Today’s interview is with Carrie Clevenger (author of Crooked Fang) and Nerine Dorman (author of Inkarna), who teamed up to pen Just My Blood Type and Blood and Fire. They share with us their experience collaborating together, as well as what they have planned for readers next.
CARRIE CLEVENGER: It was an absolute pleasure. One of the things I enjoy most co-writing with Nerine is that we bounce ideas off one another, which further agitates the plot line and raises the level of excitement. We also have different strengths to complement one another which makes the task of writing a story that much easier. She’s great at descriptions and motivations whereas I am more of the idea person, the bang and sizzle, so she grounds my wild runs of the imagination.
NERINE DORMAN: I particularly like some of disagreements. I like the fact that Carrie will sometimes take a step back and say that there’s something that’s not working. Then we’ll throw ideas back and forth until we tease out what’s bothering us. The story is almost invariably stronger for this kind of exercise, especially for us knowing when to stand firm on something or back off.
LZ: Did you go into the process with concerns, considering you’d never collaborated before?
ND: Before we wrote our first collaboration, we’d already spent a lot of time delivering critique on each other’s work, so we were already familiar with each other’s style, and had a mutual love of the other’s writing. That helped a lot. Also, our styles complement each other. Having a mutual love and respect for each other’s writing helps a lot, and the process is like hitching two horses to the same chariot. We have to work together otherwise it’s an uneven ride. Most importantly in a writing partnership is knowing when to give so the other can lead, and when to take the initiative.
CC: I had collaborated before, only to have each and every effort fall into…well. Let’s just say you can’t just fall into a partnership with just anyone. I think what I took away from the experience was that you have to have different strengths in order for it to work. An example would be leadership and support. Or perhaps plotting versus fleshing out said-plot.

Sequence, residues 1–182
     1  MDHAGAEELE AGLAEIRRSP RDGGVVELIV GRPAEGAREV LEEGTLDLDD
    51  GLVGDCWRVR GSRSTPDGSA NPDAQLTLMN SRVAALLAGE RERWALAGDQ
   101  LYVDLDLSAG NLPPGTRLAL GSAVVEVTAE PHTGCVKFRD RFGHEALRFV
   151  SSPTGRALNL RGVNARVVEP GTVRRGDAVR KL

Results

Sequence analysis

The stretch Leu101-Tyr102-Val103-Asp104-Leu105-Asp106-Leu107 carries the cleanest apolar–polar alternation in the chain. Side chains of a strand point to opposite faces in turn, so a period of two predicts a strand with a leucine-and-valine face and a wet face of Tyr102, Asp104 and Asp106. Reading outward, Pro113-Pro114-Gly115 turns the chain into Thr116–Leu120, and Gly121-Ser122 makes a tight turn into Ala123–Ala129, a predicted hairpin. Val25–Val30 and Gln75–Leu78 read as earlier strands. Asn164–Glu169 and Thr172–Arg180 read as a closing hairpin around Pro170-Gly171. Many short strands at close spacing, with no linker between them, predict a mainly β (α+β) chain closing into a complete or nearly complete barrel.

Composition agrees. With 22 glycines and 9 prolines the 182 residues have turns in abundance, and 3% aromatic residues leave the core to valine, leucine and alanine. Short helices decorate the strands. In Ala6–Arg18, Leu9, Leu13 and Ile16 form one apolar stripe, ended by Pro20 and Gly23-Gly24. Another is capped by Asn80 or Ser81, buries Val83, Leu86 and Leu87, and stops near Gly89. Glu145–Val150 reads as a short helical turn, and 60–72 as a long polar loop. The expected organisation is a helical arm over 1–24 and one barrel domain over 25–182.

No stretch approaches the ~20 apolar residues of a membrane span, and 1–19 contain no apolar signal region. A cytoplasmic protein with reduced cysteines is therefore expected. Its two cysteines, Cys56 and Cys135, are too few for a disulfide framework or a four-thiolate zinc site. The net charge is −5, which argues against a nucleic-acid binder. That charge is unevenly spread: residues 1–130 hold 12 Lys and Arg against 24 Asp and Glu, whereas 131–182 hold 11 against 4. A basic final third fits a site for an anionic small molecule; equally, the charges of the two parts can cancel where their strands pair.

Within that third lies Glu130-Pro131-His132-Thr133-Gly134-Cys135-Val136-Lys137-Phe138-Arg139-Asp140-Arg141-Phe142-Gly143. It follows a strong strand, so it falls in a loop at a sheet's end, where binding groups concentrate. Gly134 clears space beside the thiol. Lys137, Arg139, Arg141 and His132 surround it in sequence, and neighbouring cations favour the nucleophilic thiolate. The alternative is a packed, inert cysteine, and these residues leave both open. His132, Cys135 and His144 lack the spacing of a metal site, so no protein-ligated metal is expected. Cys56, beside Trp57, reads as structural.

LZ: How did you both decide on the premise for the collaboration?
CC: Honestly, it was a mashup of introducing Xan from Crooked Fang to the public as a free giveaway with a big what-if of Therese, an erotic romance writer, met this this big bad vampire. How would they play off one another, that sort of thing.
ND: I must admit I felt a little … weird … about some of the flirting at first. But I had to separate myself from the character I’d portrayed. But it was kind of me at the same time.
LZ: What was it like having your alter ego in a story, and how did it feel to have a hand in writing it?
LZ: You have also collaborated on another story, Blood and Fire. Can you tell us a bit about that?
CC: Blood and Fire is a larger production and features two main characters, my Xan Marcelles from Crooked Fang and Ash Kennedy from Inkarna. That one came about because we wanted to introduce Ash in a crossover story with Xan, who is already somewhat known. Plus their opposing cultural backgrounds and unique respective assets made for an often-comical exchange. In a word, fun.
When we went from the goof-off phase to a true submission to Dark Continents Publishing, we had to make a few changes so it could stand on its own, whereas before it was set up to be another simple mashup like Just My Blood Type.
ND: I think the practice we had writing Just My Blood Type really was good for preparing how we’d handle dialogue. That was my main concern, that I was able to write Xan’s dialogue during my writing turns. Things definitely flowed more naturally by then and I had a lot more confidence. Also I really liked the way Carrie was able to “channel” Ash.
LZ: What are you working on now, or what do you have in store for readers next?
ND: At present I’m revising a post-tech spec-fic novel for a prominent GLBTI publisher I was invited to submit to. I’ll be totally stoked if they offer a contract but, even if they decide to decline, I’ll still have a super novel to shop around to agents and other publishers. Other than that I’ve currently got a GLBTI-themed fantasy novel sitting on an editor’s desk as a full sub, which is quite exciting. And while all that’s going on, I’m promoting my current release, Inkarna, and will possibly chase Carrie up for our next collaboration later this year once she’s finished revisions on her solo debut novel, Crooked Fang (Lyrical Press), for which I am her editor.
CC: Crooked Fang, Xan’s story, is releasing in a few weeks so that’s my big time sink right now. I’ve been doing guest blog posts and interviews, both with me and with Xan to get word out about my novel. After that, I’m toying with either a horror/thriller story I call 27 and the sequel to Crooked Fang called Pale Rider. Pale Rider is already third drafted but I took a break from the Crooked Fang universe for a few months to let my mind recharge and simmer a new exciting plot.
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Carrie Clevenger landed in the urban fantasy genre when she couldn’t decide between horror and humor. When not writing she enjoys listening to music, hanging out with musicians, attending local venues, catching her favorite bands on tour, and obsessing over The Next Big Album release. Carrie resides in Austin, Texas.